Photos and text by Luis Alonso Pérez
On a hazy Saturday morning thousands of bright colored flags from all over the world waved along American flags held proudly by New York immigrants crossing the Brooklyn Bridge protesting the Sesenbrenner-King bill currently under debate in congress.
An estimated 40,000 people and around 200 civil groups participated in what is now considered the largest rally of this kind so far in the New York area. Yet, this number is rather small in a city with more than 3 million immigrants. Still, organizers are expecting a larger turnout for April 10th nation-wide mobilization.
Protestors fear that if approved by the US Senate, the bill would further criminalize undocumented immigrants and make hiring undocumented workers illegal.
However, one of the main concerns is that it broadens the definition of “alien smuggling” to include everyone that provides humanitarian aid to undocumented immigrants, which brought together many religious groups and grassroots organization leaders like Stan Mark from the Asian-American legal defense and education fund, who considers the idea of stronger enforcement and criminalizing people as inhumane.
Mark does not believe in a sensible immigration reform because he believes congress will not recognize that we are all human beings and that people have a human right to work. “They don’t even want to hear about it, so they are not going to do it now. They might do it in a few years if the political climate changes, with more militant marches like this one and with an upsurge in al of our different communities, only then can there can be a stronger movement that will help redefine the immigration debate and force people to put out more humane immigration proposals.” However, until that happens the debate will still be framed on guest worker programs, which according to Stan Mark are wrong.
The march began on Brooklyn’s Prospect Park. There, thousands of families, friends, and coworkers held their banners and their home country’s flags up high. The chants blended with the whistles and handclaps. In every street corner musical expressions from all corners of the world could be heard: Brazilian batucada, Irish marching bands, Caribbean rumba, African drums and Aztec ritual chants.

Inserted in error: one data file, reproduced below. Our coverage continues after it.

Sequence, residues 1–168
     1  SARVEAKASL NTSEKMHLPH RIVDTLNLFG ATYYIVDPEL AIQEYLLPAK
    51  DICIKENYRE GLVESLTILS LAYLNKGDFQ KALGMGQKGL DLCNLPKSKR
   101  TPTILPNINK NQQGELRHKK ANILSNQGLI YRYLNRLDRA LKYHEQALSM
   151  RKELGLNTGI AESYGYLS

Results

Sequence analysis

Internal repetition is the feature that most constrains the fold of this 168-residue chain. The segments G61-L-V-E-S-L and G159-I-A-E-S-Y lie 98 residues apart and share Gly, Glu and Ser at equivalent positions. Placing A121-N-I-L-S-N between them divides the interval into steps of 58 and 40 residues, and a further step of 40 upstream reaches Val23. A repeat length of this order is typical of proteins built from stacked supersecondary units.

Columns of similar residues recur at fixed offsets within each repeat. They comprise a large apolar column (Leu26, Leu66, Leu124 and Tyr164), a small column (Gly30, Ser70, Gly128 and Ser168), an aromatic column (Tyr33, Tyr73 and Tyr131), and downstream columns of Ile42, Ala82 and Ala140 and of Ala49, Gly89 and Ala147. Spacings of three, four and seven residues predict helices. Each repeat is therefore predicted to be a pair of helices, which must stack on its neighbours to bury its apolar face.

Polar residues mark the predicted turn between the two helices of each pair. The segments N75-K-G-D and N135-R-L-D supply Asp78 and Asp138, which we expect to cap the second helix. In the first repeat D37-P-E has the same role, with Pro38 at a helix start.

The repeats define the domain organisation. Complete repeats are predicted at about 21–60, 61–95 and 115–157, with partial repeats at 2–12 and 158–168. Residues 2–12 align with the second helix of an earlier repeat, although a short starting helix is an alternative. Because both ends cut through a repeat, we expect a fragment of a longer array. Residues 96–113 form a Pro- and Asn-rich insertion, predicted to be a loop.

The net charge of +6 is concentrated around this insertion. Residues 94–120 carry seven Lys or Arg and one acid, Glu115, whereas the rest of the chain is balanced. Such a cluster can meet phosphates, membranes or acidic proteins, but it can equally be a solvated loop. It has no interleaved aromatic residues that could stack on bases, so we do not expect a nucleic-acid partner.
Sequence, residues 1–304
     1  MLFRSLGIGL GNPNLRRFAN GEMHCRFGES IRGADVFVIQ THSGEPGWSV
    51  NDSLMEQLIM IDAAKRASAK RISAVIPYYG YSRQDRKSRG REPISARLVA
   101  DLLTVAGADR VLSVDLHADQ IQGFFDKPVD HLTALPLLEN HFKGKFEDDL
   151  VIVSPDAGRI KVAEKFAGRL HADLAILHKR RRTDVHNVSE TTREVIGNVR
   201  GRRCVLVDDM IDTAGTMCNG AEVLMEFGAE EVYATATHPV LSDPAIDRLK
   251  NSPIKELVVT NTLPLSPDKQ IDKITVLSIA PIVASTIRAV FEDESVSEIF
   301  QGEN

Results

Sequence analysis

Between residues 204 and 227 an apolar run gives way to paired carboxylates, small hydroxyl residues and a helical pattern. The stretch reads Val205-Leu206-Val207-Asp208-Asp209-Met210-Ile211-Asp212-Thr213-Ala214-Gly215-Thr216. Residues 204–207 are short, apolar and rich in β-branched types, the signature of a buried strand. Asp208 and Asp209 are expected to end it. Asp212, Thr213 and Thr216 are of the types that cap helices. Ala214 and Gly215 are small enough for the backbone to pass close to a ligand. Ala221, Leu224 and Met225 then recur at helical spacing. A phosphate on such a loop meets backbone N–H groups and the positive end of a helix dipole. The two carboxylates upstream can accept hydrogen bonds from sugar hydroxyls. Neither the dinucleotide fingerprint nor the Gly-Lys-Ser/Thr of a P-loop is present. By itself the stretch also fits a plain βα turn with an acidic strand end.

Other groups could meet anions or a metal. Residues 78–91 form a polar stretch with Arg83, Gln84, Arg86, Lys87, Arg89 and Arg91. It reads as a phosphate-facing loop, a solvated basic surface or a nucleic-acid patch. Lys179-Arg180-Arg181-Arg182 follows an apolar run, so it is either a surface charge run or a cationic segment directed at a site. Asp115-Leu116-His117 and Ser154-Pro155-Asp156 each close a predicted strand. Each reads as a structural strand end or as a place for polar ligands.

Cealsey Sanchez was one of the many protestors singing and clapping as they marched through the Brooklyn Bridge. She belongs to the Little Sisters of the Assumption group in East Harlem, and is marching against the Sesenbrenner-King bill because she believes that except for Native-Americans, everyone in this country is an immigrant.
“As human beings we all have the right to share the earth God has given to us, and it’s an injustice that so many people who have come into this country to work and earn their bread honestly are treated as criminals.”
Many banners illustrated the marcher’s affiliation to local unions, non-profits or religious groups, however many made it a family affair and brought their cousins, brothers or children, the youngest ones where pushed along in their strollers, many of them American-born from illegal immigrant families, the living reflection of the complexities in this debate.
Josefina Trejo is one of the many who could be affected if the HR4437 bill passes, because she is from the Dominican Republic and her husband from Mexico, but they have children born in this country.
“We are here defending the immigrant’s rights, because we are honest people who came into this country to work and pursue the American dream” said Trejo, joyfully wrapped in her Dominican flag. “I feel very proud and blessed to see so many people united here.”
The massive crowd swarmed the Brooklyn Bridge turning it into a rainbow of colors melting into each other. By noon, the bridge was jammed and the protestors in the back of the march hadn’t even set a foot into the bridge when the ones in front had already reached Foley Square, almost three miles away.
The march concluded with a rally where religious leaders, elected officials and immigration advocates from Latin, African, Asian, and Caribbean groups encouraged unity among ethnic groups and announced the possibility of an immigrant workers strike to protest the bill.
“Just like Martin Luther King, I also have a dream” said Reverend Carlos Torres “I dream of an amnesty for all immigrants, so that everyone that came here to work is allowed to do so. And I dream that this country stops abusing the giant that was asleep and has finally awaken, because the heart of this country are immigrants.”